The SMM on 27 September visited three locations indicated by representatives of the so-called “Donetsk People’s Republic” (“DPR”) to be the sites of unmarked graves. Two sites are located near an area known as coal mine Komunar, in the outskirts of Nyzhna Krynka village (35km north-east of Donetsk). The SMM had first visited these two sites on 23 September (see Daily Report 24 September). The third site is located at the entrance of Nyzhna Krynka. The SMM was escorted by two representatives of the so-called “DPR” police throughout its visit to the area.
On 26 and 27 September the SMM directly heard and received reports by local inhabitants of heavy shelling concentrated on the eastern outskirts of Mariupol (120km south of Donetsk). The SMM, however, could not determine the origin of the shelling.
The SMM visited a number of checkpoints (CP) manned by the Ukrainian army around Mariupol and was informed by the respective commanders that at 18:00 on 27 September they had received orders from their leadership to halt all use of weapons, including in response to shelling.
Residents from nearby towns of Myrne, Andriivka and Hranitne (all around 50km north-east of Mariupol) reported to the SMM that those areas continue to be shelled, most recently at 10:00hrs on 28 September. They reported that those three towns had been without power for five days, which resulted in serious disruption to civilian life, including telecommunications and food preservation.
In the town of Kramatorsk and surroundings, the overall situation remained calm. The SMM on 27 September visited Debal’tseve (97km south-east of Kramatorsk) and whilst at the main CP, manned by the Ukrainian army, it heard explosions consistent with incoming mortar fire, approximately 1km south-east of the CP, and shortly after heard a further 5-6 explosions.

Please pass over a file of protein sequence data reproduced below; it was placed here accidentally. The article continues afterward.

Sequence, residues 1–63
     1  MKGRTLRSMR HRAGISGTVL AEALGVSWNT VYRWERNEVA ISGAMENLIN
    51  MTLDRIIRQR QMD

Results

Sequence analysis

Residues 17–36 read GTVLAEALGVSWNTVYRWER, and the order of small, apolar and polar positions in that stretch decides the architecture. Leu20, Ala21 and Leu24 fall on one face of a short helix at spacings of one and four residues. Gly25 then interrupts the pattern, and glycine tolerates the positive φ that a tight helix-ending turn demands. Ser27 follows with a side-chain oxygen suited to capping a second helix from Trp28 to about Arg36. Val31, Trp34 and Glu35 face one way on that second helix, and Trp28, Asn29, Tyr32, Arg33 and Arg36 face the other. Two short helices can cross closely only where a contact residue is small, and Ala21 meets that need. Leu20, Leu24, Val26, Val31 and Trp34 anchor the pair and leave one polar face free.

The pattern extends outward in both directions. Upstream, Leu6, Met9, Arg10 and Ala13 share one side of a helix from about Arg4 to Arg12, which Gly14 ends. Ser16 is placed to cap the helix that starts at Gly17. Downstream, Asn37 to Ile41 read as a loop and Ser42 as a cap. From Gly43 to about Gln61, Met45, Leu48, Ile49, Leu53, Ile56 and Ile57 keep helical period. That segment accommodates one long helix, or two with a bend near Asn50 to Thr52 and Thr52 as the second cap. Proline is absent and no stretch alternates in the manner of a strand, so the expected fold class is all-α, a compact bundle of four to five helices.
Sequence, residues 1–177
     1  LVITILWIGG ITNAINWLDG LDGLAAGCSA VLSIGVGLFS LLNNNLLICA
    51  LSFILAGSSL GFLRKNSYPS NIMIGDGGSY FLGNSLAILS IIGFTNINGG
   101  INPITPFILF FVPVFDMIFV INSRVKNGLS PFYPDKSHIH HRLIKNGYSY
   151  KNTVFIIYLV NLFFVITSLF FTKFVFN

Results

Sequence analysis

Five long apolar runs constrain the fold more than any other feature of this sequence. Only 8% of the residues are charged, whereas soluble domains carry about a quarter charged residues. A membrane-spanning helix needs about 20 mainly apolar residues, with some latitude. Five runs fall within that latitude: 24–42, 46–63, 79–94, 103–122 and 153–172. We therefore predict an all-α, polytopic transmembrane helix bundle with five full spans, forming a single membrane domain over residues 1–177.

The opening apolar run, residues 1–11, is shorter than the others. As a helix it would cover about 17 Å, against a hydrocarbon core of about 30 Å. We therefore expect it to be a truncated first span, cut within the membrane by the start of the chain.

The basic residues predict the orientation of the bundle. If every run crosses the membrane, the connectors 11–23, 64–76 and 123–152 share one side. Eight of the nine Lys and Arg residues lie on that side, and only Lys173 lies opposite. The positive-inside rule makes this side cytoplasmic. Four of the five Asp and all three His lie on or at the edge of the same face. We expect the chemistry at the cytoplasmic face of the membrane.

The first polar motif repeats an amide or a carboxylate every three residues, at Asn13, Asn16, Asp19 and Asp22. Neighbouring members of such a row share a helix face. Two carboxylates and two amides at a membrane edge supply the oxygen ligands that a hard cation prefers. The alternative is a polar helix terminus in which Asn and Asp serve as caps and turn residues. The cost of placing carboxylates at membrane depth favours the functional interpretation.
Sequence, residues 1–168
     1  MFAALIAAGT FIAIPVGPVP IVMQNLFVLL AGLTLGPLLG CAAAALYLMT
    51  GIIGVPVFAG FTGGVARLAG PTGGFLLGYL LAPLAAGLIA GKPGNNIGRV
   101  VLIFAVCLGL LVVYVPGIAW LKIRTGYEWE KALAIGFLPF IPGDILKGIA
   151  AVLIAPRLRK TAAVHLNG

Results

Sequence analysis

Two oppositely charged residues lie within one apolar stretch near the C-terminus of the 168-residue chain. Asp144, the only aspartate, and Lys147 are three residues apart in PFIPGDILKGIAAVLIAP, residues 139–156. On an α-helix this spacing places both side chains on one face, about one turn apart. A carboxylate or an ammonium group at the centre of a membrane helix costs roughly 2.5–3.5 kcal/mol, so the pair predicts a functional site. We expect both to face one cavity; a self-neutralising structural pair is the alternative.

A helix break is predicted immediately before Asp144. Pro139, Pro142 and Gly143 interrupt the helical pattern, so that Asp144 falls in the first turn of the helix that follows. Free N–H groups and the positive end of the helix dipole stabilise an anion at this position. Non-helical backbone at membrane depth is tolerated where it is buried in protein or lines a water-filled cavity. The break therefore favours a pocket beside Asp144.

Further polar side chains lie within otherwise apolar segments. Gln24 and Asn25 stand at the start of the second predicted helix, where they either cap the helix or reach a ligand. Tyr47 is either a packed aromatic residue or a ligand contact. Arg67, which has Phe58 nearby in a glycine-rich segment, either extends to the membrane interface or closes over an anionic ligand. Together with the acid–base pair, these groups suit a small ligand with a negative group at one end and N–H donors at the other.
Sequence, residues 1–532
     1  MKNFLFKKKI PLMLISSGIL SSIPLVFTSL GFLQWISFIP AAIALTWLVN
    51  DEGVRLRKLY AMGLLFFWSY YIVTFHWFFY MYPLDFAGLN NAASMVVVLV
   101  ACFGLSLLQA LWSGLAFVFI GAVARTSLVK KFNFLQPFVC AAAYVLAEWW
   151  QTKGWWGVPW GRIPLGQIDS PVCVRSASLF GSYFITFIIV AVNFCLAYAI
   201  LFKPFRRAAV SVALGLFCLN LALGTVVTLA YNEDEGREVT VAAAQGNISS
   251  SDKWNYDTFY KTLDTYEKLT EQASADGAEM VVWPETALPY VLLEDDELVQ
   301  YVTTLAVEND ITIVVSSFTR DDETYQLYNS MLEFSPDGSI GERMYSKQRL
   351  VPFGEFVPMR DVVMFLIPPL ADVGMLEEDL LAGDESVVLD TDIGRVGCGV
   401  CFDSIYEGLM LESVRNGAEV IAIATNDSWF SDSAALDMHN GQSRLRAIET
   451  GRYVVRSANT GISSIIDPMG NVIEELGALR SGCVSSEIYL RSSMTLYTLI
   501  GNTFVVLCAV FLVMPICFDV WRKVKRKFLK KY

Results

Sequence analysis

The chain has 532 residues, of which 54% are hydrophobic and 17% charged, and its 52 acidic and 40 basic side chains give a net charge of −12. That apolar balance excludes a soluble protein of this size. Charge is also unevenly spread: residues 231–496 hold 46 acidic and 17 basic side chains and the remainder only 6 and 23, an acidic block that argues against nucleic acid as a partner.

In Dnipropetrovsk and Kherson the situation remained calm.
In Odessa the SMM observed on 27 September an event which gathered about 150-200 people, mainly elderly women. Three pensioners told the SMM it was an event for peace, against the war. One of the participants said that the organizers had pro-Russian stances and had asked people not to bring flags or other symbols to the event. The square was surrounded by approximately 200 regular police officers and 100 riot police officers. A few hours later a group of about 30 to 50 people, both men and women in their twenties, came to the square. The SMM spoke to some of the young people, who said that those in the group were all students, who had come to the square because they had seen an announcement on the internet that the organiser would pay 50 UAH (c. 3 EUR) to the attendees. The event ended peacefully.
The SMM visited Hlyboka village (30km south of Chernivtsi) where about 40 persons, mainly elderly men, were protesting against the renaming of a street from “Zhytomyrska” to “Stepan Bandera” street. The SMM was told by some of the protesters that local inhabitants were upset and distressed because they had not been involved in the discussion leading to this decision. The head of the city administration, present at the scene, engaged with the protesters and stated that the decision would be revoked. The protest dispersed peacefully. No police were visible at the scene.
On 26 September the SMM met with representatives of the district administration responsible for IDP issues in Kolomyya district (60km South-East of Ivano-Frankivsk). The interlocutor stated that 80 IDPs are currently accommodated with families, mostly with relatives and extended family members, and a smaller number with volunteers. The interlocutor stated that three parties’ “contracts” have been signed between IDPs, host families and the district administration. These contracts will facilitate the work of the administration in locating the IDPs’ current residence, to clarify their social status and to assess their needs.
In Lviv and Kiev the situation remained calm.